1.19 / Review

Kamau Amu Patton

By Matt Stromberg July 13, 2010
Kamau Amu Patton, installation view, Alphonse Berber Projects. Photo: Taylor Savvy. Courtesy of If Not This: Alphonse Berber Projects, San Francisco.

What initially strikes one upon entering Kamau Amu Patton’s show at Alphonse Berber Projects is the darkness. So much so that gallery director Jessica Cox immediately informed me that it was not a mistake; the lights were off for a reason. She could tell by my hesitant steps that it was unclear to me what I was stepping into—which is exactly what Patton intended. His exhibition comprises bent and twisted pieces of metal littering the floor, glass panes and black mirrors leaning against the walls, strategically placed lights, black canvases and collages, and a fog machine. Although made up of minimal elements, the effect is more than the sum of its parts. Patton has created an immersive environment that illuminates the role of the viewer in completing the work; one does not so much see the work as experience it through its hybrid elements.

The few bright lights that pierce the darkness cast dramatic shadows as viewers move about the space. From one side, they illuminate; from another, they obscure. Whereas light normally illuminates individual works in a gallery, here it is part of the work. Viewers are forced to navigate around scraps of steel and glass with little visual aid and risk stepping on the several works lying on the ground. The fog machine heightens this disorientation, producing a diaphanous mist that captures the light and creates an opaque blue mass in the center of the room. Walking through the exhibition, I was reminded of Minimalist artist Tony Smith’s infamous nighttime car ride on an unfinished section of highway, which made him aware of the importance of experience over purely retinal sensation. Speaking to the experience, he said, “I thought to myself, it ought to be clear that’s the end of art. Most paintings look pretty pictorial after that. There is no way you can frame it, you just have to experience it.”1

Patton’s current work seems to borrow from the aesthetic language of Minimalist art. But the scale differentiates this work from its predecessors. In the place of large and imposing industrial monoliths, Patton presents modest pieces, most no taller than an end table.

Instead of menace, these works seem almost playful; instead of confrontation, they invite curiosity, compelling viewers to direct their attention downward to contemplate the work, but also to avoid tripping over them in the low light. A long, flat strip of metal bisecting the gallery floor recalls Carl Andre’s floor pieces. However, whereas Andre’s works dared us to step on them, Patton’s, at less than a foot wide, suggests we step over it. His works demand our attention, if only to avoid bruising a shin, rather than being crushed by a ton of steel. In this, Patton combines the aesthetic sensibility of Richard Serra with the whimsy of Richard Tuttle.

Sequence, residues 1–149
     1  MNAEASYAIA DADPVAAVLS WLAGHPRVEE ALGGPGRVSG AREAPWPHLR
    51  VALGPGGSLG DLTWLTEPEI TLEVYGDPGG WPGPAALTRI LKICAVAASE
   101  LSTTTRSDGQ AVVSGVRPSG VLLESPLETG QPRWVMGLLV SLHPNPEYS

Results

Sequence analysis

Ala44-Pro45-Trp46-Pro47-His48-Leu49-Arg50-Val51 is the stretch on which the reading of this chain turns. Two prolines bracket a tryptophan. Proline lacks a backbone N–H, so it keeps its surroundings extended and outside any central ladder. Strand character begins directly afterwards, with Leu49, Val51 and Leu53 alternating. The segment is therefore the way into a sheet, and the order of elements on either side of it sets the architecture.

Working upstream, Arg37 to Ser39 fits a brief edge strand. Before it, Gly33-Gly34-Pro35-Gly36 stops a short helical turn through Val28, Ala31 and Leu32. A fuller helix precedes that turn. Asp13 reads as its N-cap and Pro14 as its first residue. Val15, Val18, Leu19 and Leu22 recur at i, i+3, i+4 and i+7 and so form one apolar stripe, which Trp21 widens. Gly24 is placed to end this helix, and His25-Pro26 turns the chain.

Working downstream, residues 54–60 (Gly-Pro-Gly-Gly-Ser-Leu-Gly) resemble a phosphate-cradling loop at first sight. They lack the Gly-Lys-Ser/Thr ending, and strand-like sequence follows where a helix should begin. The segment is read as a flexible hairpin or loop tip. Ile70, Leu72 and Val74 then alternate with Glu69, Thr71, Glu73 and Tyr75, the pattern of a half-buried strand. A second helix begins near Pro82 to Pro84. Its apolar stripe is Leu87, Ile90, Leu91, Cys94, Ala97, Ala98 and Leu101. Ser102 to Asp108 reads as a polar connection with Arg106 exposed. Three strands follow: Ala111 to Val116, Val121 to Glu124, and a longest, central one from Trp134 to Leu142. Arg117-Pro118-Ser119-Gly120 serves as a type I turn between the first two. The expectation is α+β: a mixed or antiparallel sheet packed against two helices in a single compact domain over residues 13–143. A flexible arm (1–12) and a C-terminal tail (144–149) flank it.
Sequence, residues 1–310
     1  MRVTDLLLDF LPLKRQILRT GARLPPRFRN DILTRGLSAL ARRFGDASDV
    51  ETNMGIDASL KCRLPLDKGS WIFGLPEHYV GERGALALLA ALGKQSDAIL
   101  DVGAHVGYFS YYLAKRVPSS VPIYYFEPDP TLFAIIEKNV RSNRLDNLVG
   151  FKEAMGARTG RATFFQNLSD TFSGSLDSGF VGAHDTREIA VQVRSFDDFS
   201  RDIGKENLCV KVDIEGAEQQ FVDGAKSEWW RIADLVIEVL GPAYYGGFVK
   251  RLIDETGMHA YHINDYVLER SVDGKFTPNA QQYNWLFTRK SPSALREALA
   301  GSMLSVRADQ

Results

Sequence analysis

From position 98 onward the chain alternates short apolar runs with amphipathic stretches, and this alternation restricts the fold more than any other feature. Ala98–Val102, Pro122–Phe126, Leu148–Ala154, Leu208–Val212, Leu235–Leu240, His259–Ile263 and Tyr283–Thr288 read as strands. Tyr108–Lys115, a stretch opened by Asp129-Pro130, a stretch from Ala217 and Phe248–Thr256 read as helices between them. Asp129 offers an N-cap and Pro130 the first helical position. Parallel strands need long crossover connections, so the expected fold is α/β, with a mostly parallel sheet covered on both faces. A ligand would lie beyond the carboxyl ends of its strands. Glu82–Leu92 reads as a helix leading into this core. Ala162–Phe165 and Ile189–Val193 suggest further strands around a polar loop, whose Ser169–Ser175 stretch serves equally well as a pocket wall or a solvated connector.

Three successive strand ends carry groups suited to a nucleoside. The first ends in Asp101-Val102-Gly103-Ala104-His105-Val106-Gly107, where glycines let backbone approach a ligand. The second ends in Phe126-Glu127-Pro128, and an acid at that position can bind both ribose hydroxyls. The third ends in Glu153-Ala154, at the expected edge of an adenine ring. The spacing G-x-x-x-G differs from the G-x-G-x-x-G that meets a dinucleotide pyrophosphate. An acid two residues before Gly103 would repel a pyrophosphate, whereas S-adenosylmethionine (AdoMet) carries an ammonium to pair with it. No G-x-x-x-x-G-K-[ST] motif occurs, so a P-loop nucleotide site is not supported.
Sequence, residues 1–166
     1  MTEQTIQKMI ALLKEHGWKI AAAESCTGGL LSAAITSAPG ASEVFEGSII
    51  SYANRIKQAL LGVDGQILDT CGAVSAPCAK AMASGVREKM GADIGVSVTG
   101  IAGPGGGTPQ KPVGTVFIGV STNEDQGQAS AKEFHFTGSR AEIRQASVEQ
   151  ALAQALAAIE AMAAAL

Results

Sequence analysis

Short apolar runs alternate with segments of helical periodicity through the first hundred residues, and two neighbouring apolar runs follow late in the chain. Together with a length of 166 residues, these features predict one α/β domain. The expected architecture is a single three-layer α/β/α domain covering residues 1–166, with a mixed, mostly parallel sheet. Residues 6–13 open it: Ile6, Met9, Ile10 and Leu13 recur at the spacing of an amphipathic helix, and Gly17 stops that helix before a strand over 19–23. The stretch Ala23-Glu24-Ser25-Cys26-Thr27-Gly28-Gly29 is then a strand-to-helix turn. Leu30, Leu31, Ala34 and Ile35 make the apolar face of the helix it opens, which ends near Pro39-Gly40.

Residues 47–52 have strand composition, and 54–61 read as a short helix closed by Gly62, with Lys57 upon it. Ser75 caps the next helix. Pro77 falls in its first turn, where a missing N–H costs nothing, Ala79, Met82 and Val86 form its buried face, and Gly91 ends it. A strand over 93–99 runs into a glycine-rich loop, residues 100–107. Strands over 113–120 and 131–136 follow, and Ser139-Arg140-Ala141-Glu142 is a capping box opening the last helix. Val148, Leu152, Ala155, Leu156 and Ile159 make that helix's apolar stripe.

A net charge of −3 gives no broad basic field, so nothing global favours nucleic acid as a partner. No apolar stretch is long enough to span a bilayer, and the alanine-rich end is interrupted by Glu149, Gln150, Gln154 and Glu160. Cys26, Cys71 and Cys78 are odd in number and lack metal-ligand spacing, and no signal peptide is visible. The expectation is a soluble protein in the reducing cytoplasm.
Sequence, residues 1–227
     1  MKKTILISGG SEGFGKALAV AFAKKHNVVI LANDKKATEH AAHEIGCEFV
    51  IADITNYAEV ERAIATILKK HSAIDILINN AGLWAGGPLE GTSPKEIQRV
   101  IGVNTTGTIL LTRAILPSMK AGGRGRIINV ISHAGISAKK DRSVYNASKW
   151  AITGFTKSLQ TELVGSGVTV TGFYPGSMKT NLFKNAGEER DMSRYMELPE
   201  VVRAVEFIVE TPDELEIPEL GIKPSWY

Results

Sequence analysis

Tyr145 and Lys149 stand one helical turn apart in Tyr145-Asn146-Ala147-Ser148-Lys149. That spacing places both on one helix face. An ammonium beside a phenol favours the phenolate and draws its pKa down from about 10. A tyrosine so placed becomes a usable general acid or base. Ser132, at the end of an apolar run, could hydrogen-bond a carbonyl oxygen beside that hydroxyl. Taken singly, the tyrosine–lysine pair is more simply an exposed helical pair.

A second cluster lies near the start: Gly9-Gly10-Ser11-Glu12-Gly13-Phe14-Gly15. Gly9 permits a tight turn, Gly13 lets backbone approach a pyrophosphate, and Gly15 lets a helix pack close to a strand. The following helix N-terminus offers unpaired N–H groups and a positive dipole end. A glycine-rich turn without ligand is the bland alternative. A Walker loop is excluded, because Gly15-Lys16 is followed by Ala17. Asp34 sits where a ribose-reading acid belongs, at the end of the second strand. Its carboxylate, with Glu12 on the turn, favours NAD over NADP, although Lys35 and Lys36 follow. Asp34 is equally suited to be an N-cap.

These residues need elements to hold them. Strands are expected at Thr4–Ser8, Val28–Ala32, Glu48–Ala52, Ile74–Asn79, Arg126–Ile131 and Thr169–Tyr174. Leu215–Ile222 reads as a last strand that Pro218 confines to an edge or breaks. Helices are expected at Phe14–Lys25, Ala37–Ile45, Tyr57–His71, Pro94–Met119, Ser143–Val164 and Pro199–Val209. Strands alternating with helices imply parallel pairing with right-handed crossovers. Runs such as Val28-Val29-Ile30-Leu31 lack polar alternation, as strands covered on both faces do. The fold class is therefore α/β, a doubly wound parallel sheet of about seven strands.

Kamau Amu Patton, installation view, Alphonse Berber Projects. Photo: Taylor Savvy. Courtesy of If Not This: Alphonse Berber Projects, San Francisco.

Patton augments these sculptural works with a series of black paintings and collages. At the far end of the gallery is Large Grey (2010), a black canvas that fits perfectly over the windows, blocking out sunlight. On this surface, a delicate, almost imperceptible line cuts across the canvas diagonally from corner to corner. Near the entrance of the room, a textured black diptych, Medium Grey (2010), recalls Robert Rauschenberg’s early black paintings. The patterned surfaces change with the light as one moves around, heightening a viewer’s awareness of the relationship between the paintings, bodies, and light.

A text-based work near the entrance provides a further exploration of the role perception plays in creating the work. Moving out of the way of empty space (2010) is part new-age dictum, part scientific theorem. It highlights the space between object and symbol, between the physical and that which exists in the mind. With this piece, Patton draws our attention to the hybrid nature of our experience of artwork: part visual, part physical, and part conceptual. It provides an instruction manual for thinking about the rest of the show.

Those familiar with Patton’s previous work may view this show as something of a departure. He has used performance, video, and installation to explore ritual, belief, and identity among diaspora cultures. His is “a conceptually based art that creates a new or hybridized but coherent belief system based on this pastiche of mythologies, folktales, subjective histories.”2 Often playing a role in his own videos, he incorporates disparate sources—from the Black Israelites and the 5 Percent Nation to space-jazz pioneer Sun Ra and gothic futurist Rammellzee—and folds them into a narrative with its own internal logic. The common thread between his earlier dynamic and frenetic works and his current darkly spare show is an interest in the performative. Patton does not present viewers with discrete, static images, but with a constantly shifting landscape of light and shadow, through which viewers must navigate their own—if somewhat treacherous—path.


Kamau Amu Patton is on view at Alphonse Berber Projects in San Francisco through August 7, 2010.


  1. Samuel J. Wagstaff Jr., "Talking with Tony Smith," Artforum, Dec. 1966.
  2. Michelle Y. Hyun, “Interview with Kamau Patton.” ArtSlant.

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